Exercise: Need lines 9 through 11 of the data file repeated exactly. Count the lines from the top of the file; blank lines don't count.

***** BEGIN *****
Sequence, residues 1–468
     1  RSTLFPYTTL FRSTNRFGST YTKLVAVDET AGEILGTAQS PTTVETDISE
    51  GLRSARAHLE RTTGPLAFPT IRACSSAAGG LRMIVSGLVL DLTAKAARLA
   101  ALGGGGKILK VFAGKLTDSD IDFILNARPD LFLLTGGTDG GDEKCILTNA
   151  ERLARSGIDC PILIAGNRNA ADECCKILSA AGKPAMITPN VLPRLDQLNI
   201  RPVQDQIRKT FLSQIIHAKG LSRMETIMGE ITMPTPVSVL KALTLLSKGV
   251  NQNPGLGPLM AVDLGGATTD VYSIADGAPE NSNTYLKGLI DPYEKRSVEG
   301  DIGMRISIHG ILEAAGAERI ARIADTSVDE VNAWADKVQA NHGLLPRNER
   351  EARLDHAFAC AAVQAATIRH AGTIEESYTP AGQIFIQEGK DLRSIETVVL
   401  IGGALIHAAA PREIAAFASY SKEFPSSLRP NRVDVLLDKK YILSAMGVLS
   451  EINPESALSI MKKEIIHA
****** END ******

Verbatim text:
   351  EARLDHAFAC AAVQAATIRH AGTIEESYTP AGQIFIQEGK DLRSIETVVL
   401  IGGALIHAAA PREIAAFASY SKEFPSSLRP NRVDVLLDKK YILSAMGVLS
   451  EINPESALSI MKKEIIHA